Maxwell sure knows his audience. And not just all the single ladies - many of whom were up and dancing to Beyonce's ubiquitous hit the prince of neo-soul used as his intro music Tuesday at Toyota Center - but the men who love them, or at least want to get with them. "Fellas, you can see I'm setting you up right?" he said in one of his many asides to the crowd, shortly before crooning a bit of Al Green's "Simply Beautiful." "If you can't go home with something after this, I can't do nothing for ya." Actually, most of the crowd was so hot and bothered by then Aftermath wouldn't be surprised if they couldn't even wait until they got home. We don't know for sure, we wouldn't be surprised if some people went to Toyota's bathrooms to take care of business and were greeted with a sightsimilar to this
. Unheard from since 2001'sNow
, Maxwell is back on top of the R&B heap with new album
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, his mighty, mighty Afro and hippie threads gone in favor of a close-cropped 'do and bespoke suit that was in real danger of being torn off by the rabid fans ringing the catwalk where he spent most of the evening, occasionally diving down to get even closer. His crystalline tenor, similar to Donny Hathaway, had the crowd in the palm of his hand from the get-go, as he worked them up and over with lyrics like "I can't control the feeling/ I'ma feel you from the floor to the ceiling." Anchored by a pair of Houston-area natives in keyboardist Robert Glasper and guitarist Hod David - at least we think Maxwell said David is from here; like a lot of the evening, it was a little hard to hear over the screams - Maxwell's deluxe band was as sensual as his lyrics. The horn section alternated chunky R&B grooves with complex vocal harmonies, and the bassist anchored the sound with a rumble that was probably audible in League City. Glasper, meanwhile, conjured lava lamps and love beads with his Blue Note-like electric piano, and David let loose with the occasional psychedelic solo amid his glassy jazz chords and patches of wah-wah funk that reminded us of every Hollywood bedroom-seduction scene we've ever seen. What better way to accompany Maxwell, sweating and singing like a less creepy R. Kelly, on spontaneous announcements like "I'ma slap it 'til it's black and blue/ 'Cause when you're in the H-town that's what you do." Hey - he said it, not us. But wehave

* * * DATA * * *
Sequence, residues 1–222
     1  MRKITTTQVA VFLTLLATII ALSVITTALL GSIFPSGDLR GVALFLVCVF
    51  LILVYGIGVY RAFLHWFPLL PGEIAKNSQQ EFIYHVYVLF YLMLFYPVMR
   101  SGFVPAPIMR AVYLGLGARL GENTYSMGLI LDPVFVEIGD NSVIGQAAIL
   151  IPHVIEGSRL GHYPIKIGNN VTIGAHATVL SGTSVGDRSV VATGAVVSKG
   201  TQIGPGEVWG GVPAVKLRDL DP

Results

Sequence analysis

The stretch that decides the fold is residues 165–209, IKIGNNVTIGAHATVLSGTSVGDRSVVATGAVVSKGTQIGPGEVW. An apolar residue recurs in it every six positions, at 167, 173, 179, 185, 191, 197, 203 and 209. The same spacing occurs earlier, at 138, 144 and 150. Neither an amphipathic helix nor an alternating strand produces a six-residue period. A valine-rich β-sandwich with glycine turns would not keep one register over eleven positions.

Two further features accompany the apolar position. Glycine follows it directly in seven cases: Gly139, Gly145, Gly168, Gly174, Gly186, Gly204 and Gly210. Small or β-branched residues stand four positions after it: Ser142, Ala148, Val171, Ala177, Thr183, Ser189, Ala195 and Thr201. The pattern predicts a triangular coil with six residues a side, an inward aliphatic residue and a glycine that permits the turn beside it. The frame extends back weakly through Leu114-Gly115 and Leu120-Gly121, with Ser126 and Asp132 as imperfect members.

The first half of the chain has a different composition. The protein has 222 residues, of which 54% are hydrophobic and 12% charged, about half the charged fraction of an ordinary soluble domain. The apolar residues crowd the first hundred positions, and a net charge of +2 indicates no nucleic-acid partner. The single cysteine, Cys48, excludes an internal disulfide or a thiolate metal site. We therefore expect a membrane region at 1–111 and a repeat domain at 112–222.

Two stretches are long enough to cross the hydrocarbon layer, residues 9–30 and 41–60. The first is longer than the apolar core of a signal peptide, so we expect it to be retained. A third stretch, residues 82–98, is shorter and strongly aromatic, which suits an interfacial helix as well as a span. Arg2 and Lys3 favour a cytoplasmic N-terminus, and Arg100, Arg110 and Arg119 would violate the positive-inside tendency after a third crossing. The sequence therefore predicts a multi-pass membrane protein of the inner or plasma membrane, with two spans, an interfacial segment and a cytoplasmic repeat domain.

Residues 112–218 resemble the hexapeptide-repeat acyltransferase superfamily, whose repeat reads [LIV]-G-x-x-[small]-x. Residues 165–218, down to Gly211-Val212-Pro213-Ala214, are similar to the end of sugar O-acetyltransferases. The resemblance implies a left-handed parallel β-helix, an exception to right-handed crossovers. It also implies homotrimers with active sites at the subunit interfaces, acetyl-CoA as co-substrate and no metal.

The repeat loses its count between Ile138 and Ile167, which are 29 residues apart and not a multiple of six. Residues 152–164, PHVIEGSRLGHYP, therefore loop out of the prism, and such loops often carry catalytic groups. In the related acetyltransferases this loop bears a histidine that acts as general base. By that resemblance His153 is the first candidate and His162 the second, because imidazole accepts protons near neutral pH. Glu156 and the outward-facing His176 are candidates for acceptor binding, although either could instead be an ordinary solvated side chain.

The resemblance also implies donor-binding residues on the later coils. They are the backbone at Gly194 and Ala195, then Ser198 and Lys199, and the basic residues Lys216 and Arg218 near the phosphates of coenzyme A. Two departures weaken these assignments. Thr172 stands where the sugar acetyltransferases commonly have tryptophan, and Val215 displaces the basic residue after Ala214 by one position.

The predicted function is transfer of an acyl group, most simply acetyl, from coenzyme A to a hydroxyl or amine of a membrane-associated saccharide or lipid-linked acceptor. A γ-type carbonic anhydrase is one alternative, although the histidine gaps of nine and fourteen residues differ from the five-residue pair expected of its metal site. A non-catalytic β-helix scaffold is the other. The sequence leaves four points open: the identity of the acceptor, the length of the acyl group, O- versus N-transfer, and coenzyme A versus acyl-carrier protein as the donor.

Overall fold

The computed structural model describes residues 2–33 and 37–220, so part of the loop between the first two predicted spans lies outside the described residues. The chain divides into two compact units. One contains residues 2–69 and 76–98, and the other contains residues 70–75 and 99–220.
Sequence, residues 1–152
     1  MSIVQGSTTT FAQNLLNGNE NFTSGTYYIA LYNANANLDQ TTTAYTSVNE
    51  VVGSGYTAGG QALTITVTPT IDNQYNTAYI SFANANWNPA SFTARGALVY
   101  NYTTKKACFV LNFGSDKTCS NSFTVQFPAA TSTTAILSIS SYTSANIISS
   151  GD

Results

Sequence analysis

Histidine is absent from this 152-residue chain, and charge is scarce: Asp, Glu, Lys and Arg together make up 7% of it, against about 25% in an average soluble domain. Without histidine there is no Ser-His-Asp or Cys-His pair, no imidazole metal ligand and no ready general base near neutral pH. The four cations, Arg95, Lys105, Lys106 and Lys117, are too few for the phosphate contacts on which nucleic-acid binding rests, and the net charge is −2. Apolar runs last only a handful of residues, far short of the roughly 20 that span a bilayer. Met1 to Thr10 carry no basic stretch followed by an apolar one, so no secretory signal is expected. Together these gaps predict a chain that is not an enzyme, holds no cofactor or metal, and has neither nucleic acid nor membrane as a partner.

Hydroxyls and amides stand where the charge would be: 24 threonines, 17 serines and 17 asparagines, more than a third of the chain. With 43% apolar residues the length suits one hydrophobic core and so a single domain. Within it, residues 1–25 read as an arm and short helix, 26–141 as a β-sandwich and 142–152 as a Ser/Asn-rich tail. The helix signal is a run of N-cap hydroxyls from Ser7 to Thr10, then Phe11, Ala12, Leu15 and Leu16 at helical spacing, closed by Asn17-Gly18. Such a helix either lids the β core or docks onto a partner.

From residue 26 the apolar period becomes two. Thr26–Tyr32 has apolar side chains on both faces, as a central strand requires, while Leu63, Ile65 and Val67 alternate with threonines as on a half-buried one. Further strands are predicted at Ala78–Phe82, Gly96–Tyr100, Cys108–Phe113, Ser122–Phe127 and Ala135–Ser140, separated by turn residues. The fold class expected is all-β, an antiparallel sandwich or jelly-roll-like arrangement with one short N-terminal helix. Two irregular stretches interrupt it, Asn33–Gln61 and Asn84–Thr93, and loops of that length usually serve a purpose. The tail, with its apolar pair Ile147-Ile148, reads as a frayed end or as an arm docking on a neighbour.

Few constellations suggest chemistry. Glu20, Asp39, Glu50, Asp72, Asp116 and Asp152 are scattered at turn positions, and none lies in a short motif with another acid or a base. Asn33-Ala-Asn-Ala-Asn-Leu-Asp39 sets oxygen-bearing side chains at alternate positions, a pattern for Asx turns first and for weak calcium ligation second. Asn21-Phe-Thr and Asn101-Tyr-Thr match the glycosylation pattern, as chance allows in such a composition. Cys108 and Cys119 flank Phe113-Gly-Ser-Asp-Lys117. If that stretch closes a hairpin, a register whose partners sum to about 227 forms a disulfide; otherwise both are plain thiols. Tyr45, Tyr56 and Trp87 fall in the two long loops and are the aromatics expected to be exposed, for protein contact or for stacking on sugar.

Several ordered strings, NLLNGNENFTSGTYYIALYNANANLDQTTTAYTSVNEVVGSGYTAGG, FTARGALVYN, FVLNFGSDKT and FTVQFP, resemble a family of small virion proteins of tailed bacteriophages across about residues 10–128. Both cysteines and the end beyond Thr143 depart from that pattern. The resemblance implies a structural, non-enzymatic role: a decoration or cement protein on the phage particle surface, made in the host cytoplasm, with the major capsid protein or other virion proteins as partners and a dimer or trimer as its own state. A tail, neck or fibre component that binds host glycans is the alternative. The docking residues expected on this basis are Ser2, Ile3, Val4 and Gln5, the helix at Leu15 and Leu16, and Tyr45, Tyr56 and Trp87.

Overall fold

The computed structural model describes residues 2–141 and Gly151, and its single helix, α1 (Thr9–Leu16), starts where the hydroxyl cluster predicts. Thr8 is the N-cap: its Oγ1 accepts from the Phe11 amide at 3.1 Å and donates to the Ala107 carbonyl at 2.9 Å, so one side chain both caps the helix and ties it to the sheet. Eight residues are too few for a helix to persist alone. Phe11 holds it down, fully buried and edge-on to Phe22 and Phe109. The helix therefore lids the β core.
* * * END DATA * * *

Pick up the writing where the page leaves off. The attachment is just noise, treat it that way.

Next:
to learn how to talk like that. But they're not the words of a playa, rather someone deeply and truly in love with his subject. When Maxwell sings about "breaking you off," he means it in the most spiritual way possible. Still, come June, Aftermath wouldn't be at all surprised to see a baby bounce in Houston comparable to Hurricane Ike. Call it Hurricane Max.